American Animals revisits historical heist

Bart Layton plays with reality in docudrama

Bart Layton is moving from room to room while on the telephone from London. He’s been away in Australia, you see, and so a dog and three kids – most noticeably a very chatty four-year-old – are clamouring for his attention in the background.

But it’s a welcome break from the zoo of international press that the director has been doing since the premiere of his new film, American Animals, at Sundance in January. The film was a crowd-pleaser at the festival and is something of a game changer in the “based on a true story” universe. “We’ve seen it so many times now, and you have that sneaky feeling that the ‘inspired by’ caption card is wildly fictionalized,” Layton says.

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His first movie was the documentary film The Imposter, the gripping story about French trickster Frederic Bourdin, who claimed to be the missing son of a Texan couple whose child disappeared at age 13. Layton borrows from that structure in American Animals, telling the true story of four Kentucky college students who attempted the theft of rare books from their college library: interspersed with the planning and bungled execution of the heist are the real players themselves, now 12 years older and (spoiler alert) presumably wiser for having spent time behind bars. It lends the film a verisimilitude not found in other narratives.

Barry Keoghan plays Spencer, the art student who first lays eyes on the rare first edition of Audubon’s Birds of America, on display in the library. He mentions it in passing to his friend Warren (Evan Peters), a risk-taker who spearheads the idea of boosting the books, bringing in Chas (Blake Jenner) and Eric (former Vancouver Film Critics Circle winner Jared Abrahamson) to pull off the heist. Nope, that’s not how it happened, the real Spencer will interject, then real Warren will add his two cents’ worth. On occasion the real men will be transported into the re-creation, like people trying to remember the story in real time.

Balancing the documentary and the drama was never a challenge, Layton insists. “The final movie is, dare I say, almost surprisingly close to the script I wrote, and it worked better than I had initially anticipated. (The Imposter) was a documentary with dramatic elements, and this was the inversion of that: it wasn’t ever the intention that the documentary elements would be the main driving force of the narrative, it was envisaged that the drama and the actors would be doing that.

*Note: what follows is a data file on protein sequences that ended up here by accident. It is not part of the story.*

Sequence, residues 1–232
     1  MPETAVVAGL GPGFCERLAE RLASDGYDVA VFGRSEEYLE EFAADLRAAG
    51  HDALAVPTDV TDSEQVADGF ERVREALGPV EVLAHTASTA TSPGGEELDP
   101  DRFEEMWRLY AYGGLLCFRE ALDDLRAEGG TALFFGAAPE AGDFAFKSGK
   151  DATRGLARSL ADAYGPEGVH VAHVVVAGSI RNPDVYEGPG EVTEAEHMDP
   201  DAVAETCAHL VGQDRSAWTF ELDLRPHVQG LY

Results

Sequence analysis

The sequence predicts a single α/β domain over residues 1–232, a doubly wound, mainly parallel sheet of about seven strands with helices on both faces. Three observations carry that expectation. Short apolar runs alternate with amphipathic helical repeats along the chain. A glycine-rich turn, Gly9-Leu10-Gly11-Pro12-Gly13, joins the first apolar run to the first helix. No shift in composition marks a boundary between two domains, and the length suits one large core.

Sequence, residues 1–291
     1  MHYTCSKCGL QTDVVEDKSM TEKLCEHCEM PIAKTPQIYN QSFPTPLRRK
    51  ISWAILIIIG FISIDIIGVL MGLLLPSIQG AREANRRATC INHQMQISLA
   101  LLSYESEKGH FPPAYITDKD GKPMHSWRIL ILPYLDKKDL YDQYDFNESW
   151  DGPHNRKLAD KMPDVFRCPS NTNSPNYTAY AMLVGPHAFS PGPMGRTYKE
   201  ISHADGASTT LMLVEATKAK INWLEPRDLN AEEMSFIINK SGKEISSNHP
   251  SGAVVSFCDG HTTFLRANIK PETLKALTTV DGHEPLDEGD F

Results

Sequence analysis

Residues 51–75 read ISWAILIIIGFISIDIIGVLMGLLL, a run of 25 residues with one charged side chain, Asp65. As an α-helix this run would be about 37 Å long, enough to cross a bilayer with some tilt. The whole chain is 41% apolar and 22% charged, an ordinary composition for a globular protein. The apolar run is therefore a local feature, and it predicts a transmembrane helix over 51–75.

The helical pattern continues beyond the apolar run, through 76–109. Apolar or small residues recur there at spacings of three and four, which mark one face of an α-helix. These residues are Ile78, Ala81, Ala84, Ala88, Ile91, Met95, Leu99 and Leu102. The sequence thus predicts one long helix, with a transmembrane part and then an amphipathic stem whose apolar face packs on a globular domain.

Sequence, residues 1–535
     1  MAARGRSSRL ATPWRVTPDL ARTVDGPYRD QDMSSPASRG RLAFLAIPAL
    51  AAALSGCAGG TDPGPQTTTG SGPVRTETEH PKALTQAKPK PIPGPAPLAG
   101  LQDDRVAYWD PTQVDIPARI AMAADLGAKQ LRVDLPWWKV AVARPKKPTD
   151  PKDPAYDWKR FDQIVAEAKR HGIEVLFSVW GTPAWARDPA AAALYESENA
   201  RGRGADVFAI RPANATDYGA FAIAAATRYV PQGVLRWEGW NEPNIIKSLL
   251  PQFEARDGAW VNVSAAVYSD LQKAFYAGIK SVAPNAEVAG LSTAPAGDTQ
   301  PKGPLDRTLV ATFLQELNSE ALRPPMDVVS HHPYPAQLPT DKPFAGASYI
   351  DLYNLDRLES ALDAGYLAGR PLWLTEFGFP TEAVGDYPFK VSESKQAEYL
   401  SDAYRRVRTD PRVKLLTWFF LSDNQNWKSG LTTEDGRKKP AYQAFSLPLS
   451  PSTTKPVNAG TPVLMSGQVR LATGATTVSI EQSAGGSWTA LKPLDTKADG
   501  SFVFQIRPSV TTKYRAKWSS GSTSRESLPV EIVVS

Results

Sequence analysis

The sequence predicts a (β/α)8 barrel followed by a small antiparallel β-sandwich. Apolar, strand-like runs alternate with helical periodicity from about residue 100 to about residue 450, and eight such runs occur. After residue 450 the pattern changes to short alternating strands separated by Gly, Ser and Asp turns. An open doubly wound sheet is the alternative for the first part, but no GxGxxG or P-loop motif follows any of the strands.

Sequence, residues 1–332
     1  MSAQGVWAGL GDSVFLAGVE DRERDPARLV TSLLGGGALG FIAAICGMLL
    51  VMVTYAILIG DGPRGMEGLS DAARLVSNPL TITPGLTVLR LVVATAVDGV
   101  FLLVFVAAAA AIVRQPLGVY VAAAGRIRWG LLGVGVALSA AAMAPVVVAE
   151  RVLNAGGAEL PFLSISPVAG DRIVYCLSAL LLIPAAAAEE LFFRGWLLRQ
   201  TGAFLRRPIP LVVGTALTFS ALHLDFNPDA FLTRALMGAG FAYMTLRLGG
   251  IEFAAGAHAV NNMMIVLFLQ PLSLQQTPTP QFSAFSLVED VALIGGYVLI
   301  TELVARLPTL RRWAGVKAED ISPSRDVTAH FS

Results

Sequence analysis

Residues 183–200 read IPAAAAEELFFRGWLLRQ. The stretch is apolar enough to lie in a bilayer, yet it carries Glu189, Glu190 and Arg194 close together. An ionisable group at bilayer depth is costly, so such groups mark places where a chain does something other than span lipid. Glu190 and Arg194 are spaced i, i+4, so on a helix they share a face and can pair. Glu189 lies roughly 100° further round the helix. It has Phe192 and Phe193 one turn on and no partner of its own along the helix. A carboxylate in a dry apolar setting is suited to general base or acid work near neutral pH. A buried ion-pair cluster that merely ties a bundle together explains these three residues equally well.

“I wanted to provide this counterpoint which would constantly remind you that it was a true story. The intention that your emotional investment in the characters and the movie will be heightened by the fact that it is all true.”

The boys prep for their criminal act by watching a bunch of heist movies while stoned. Thanks to Spencer’s artistry, a detailed model of the library is constructed. They adopt code names – “Mr. Pink” and “Mr. Blue” – like they did in Reservoir Dogs. (“I was Mr. Yellow because I was my mom’s sunshine,” the real Warren says with a straight face.)

The biggest mystery of the film is the Why of it all: the four young men came from relatively privileged backgrounds and had supportive parents. One clue comes from Spencer, who talks about not having suffered for his art in the way that van Gogh (who lost his ear) and Beethoven (who went deaf) did. Layton read the story about the Transylvania University theft years ago, was fascinated, and started a correspondence with the men while they were still in prison. “There was a lot of honesty in what Spencer said about feeling that in order to make art you have to have had an experience of life. I don’t know if I necessarily related to that but I certainly sympathized with the fact that he wasn’t going to be challenged,” Layton says. “All artists wonder if they’ve got anything of value to say.”

Success has shifted, Layton points out: the American dream used to be a college education, a nice car in the driveway and 2.4 kids. “For these kids, there’s something about that that’s not a success, it’s mediocrity in their eyes… If they don’t have a Wiki page by the time they’re 40, will that mean they’re not successful? That’s the metric for how interesting we are,” he says. I ask how he intends to shield his own children from social media as the new meritocracy. “It’s hard,” he admits. “We didn’t really have a TV when I was growing up, and I ended up running a TV show and making movies, so clearly if you try to hold the floodgates back they’ll yearn for it even more.”

Does he get the sense that Spencer, Warren, Eric or Chas have found themselves, albeit not in the way they intended to? “That’s one of the questions I’m hoping the audience will ask themselves,” says Layton. “Did they get what they were looking for, or are they back where they started?” It’s a question echoed in the cyclic quality to the movie: we end up in the same tranquil neighbourhood where it all began.

Where are the special lives that we’ve been promised? That’s what kept Layton devoted to the project. “Yes, it’s a great caper, it’s comedic and tragic, but mostly what I thought was exciting was how we in America and the U.K. struggle in a culture where being average is no longer acceptable. That’s what was really interesting to me to talk about,” he says, before adding, “And then of course deliver it in a cracking suspenseful heist movie.”



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